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By Candice Rogers, Paladin, Inc.

In my 20’s, I considered myself a runner, even though I was more tortoise than rabbit. As twenty-somethings do, I made it part of my social life, forming a running group with some friends and even traveling to a few races. I never cared THAT much for the actual racing, but I enjoyed the trips and the change of scenery. Once, we traveled all the way to Charleston, WV, for a relay race that ended in the WVU stadium. Having passed by Mountaineer Field four times a year for 20+ years driving to and from my grandparents’ house, I was excited to be the anchor leg who would finish the race and hear our team name announced in that legendary stadium. It’s an experience I won’t soon forget.

Crossing the finish line for anything worthwhile is worth celebrating. That’s why we put on robes and tassels, smoke cigars, pop champagne, or have ribbon ceremonies. In our industry, we mark the finish line with Final Completion, the culmination of millions of dollars and manhours. Putting a bow on “The Project” is a lot like parting the tape with your chest at the end of a race.

Just like in my Charleston Distance Run relay, “The Project” takes careful coordination and smooth hand-offs between multiple players if it’s going to cross the finish line. While the debate rages on about whether Substantial Completion includes complete commissioning (it doesn’t – commissioning should extend past completion to incorporate user/tenant feedback for true effectiveness), our discipline still ends up running the anchor leg of the relay in most cases. Having carried that baton many times, I’d argue there are things we can all do better on that final leg.

While I think our industry does a very good job planning most of the project, we sometimes falter a bit when it comes to handling those unpredictable elements that inevitably come into play with the potential to cascade. Whether you’re talking labor issues, weather, equipment deliveries/malfunctions, contractor coordination, or even found conditions, they all can cause a lag. Throw in end-of-project deliverables (training, close-out documents, record drawings, functional testing, punch lists, attic stock, etc.) and deadlines can creep.

Some might say that the answer to all schedule creep issues is a “Contractor Scheduling thing,” but I’d offer that it’s a “coaching thing.” A good coach would tell your project team to focus on what matters:

  1. REASONABLE EXPECTATIONS: Owners may want it fast, cheap and good, but there is some truth in the notion you can’t max out all three at once. Owners need to rank those priorities for their team so we are gunning for the same finish line then hold us to it.
  2. CLEAR GOALS: Everyone involved in this race needs to know what it means to cross the finish line. If it’s not clearly identified and mapped out, confusion will reign and failure will follow.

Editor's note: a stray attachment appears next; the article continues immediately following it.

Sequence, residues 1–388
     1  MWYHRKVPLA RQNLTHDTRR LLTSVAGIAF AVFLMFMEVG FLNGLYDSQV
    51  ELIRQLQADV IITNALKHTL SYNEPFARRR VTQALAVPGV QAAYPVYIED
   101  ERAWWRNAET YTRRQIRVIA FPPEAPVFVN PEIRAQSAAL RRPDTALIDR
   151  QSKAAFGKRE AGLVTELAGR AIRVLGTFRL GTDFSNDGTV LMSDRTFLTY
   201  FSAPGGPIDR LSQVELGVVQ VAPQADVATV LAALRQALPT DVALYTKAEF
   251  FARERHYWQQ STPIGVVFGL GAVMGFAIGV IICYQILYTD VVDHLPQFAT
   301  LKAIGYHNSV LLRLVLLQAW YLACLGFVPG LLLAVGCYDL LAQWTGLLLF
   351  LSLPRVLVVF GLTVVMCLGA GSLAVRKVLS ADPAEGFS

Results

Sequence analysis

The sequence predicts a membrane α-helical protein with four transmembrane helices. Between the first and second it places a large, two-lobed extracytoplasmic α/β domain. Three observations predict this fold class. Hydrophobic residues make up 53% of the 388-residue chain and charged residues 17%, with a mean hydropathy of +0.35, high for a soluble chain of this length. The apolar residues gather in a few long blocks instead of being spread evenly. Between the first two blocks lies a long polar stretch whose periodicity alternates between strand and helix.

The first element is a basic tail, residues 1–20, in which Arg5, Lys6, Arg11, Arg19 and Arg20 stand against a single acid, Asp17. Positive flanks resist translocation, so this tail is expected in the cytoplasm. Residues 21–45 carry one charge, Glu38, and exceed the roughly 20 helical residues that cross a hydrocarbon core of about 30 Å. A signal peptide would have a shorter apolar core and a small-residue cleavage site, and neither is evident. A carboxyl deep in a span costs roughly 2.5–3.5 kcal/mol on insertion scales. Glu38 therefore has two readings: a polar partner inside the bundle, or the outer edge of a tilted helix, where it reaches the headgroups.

3. REALISTIC SCHEDULES: A timeline that doesn’t allow for corrections – both in Design and in Construction—is not realistic. Mary Poppins may have been practically perfect in every way, but Design and Construction teams are made up of real people working in the real world, so corrective action periods must be built into the schedule. (By the way, for most projects, the period between Substantial and Final Completion is just not enough time).
  4. SENSIBLE PACING: Most runners can’t sprint long distances and the average construction team struggles to catch up once they start missing milestones. So set a pace by establishing early and frequent milestones give you the best shot at adjusting sequence and labor force then finishing on time.
  5. SPECIFIC MILESTONES: The complexity of MEP systems can multiply exponentially because these equipment-related elements are dynamic, programmed, networked, and typically procured separately. We can avoid most MEP overages by creating sensible, specific MEP milestones and holding teams to them. A great tool for unearthing these milestones is reverse phase scheduling, which can give visibility on key triggering events like ductwork testing, permanent power, equipment start-ups, and building flush out. Putting these into our schedules, planning towards them, and understanding their interdependence will lead to success.
  6. EFFECTIVE COMMUNICATION: These days, pretty much everyone is “over-meeting’d” so the answer isn’t MORE meetings, it’s better meetings focused on the right issues. Are we passively discussing the things to come or are we planning together for the things we need? Are we coming prepared to discuss needs and obstacles? Are we up to date on our To Do Lists? The way we use that meeting time can change the outcome of “The Project.”
  7. FINISH STRONG: We’ve all seen runners kick it in on the home stretch then lunge to break the tape with their chests, and our teams should be no different. So, don’t let up on the administrative needs and the close-out until they’re finished. We all know the pain of unending punch lists, call-backs and close out documents, all of which is amplified by the duration (along with costs). The sooner you cross the t’s and dot the i’s the sooner you’ll break the tape and be drinking your Michelob Ultra with your fellow sweaty runners.

These recommendations are simple enough, but, like the running discipline, tough to maintain from start to finish. However, the thrill of victory (i.e. a building that works as designed and desired and the payoff that follows) is worth the work by the whole relay team. So, get ready to sweat together, manage the details and keep a strong pace all the way to success.